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Aims: We aimed at auditing hernia surgeries performed at a secondary care center and determine the outcome of surgery based on the grade of operating surgeon.
Study Design: A single center retrospective study.
Place and Duration of Study: Department of Surgery of Ashanti regional Hospital between October 2015 to September 2018.
Methodology: We included 259 patients, age ranging between 1 and 84 years, who underwent external hernia surgeries. Information retrieved included patient demographics, type of hernia, duration of hernia, whether hernia was emergency or elective, method of repair, whether surgery was performed by a surgeon or non-surgeon and early post-operative complications. Data was analyzed using PASW Statistics for Windows, Version 18.0. Chicago: SPSS Inc SPSS. Bivariate analysis was done to ascertain relationship between complications and operating doctor.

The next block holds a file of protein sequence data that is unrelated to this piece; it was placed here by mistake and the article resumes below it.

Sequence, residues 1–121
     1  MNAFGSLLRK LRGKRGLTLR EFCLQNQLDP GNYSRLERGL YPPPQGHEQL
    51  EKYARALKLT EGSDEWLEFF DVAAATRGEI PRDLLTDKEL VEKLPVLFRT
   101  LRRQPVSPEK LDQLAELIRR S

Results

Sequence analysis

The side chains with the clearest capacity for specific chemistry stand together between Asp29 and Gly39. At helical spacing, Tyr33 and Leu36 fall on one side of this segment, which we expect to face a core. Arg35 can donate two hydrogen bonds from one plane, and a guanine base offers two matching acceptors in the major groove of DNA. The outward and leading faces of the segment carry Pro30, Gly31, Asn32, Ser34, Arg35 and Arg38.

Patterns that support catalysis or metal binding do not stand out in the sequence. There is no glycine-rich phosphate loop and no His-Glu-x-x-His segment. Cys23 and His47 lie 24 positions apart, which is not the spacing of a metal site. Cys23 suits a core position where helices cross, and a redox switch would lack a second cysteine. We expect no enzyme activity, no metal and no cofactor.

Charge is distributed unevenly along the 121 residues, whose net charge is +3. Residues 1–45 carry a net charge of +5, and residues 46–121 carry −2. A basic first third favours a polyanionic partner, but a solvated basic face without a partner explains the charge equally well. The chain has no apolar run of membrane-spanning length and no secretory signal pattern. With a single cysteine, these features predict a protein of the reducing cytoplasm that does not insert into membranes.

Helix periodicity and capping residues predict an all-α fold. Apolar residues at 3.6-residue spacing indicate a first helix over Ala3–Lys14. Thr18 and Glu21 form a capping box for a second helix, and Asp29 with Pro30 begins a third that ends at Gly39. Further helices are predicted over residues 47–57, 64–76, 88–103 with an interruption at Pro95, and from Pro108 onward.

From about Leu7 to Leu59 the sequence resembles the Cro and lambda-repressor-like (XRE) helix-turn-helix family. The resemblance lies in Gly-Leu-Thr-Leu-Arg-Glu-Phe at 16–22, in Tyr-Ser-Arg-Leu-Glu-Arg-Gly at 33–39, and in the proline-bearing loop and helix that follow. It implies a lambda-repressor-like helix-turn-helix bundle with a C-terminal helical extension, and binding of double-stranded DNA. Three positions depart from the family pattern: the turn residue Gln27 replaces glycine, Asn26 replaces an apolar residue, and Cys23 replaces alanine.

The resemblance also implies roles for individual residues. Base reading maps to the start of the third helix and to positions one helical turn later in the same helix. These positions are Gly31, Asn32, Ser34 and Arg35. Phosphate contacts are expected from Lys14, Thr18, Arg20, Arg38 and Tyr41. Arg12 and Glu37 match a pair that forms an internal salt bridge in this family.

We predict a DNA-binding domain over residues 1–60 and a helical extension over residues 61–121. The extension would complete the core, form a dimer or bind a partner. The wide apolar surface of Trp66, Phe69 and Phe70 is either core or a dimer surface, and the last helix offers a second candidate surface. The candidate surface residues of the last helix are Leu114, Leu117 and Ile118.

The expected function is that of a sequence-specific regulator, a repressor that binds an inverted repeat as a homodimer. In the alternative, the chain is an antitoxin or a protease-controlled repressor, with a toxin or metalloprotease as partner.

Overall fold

Results: A total of 259 hernia surgeries were performed over the study period. There were 186 (71.8 %) males and 73 (28.2 %) females, age range of 1 to 84 years. There were 66 (25.5%) children and 193(74.5%) adults. Children in their first decade were the majority (22.4%) age group followed by adults in their 5th decade (17%). Inguinal hernia was the most common (75.7%) type of hernia, 49 (18.9%) children and 147(56.6%) adults. There were 32 (12.4%) emergencies. Small bowel (20) was the most common content found in the hernia sac with 6 of them being gangrenous. Hematoma was the most common early complication. The majority (63.7%) of the cases were performed by the general surgeon and (20.1%) by house officers (interns) under supervision. Complications like haematoma, surgical site infection and acute urinary retention were more likely to occur in the non-surgeon operators. There was no statistically significant relation between the grade of operating surgeon and Haematoma (p = 0.28) and surgical site infection (p= 0.76).
Conclusion: Hernias are common in children in the first decade and in adults in the 5th decade. With a well-structured training programme non-surgeon physicians can be trained to perform hernia surgeries with relatively low complication.
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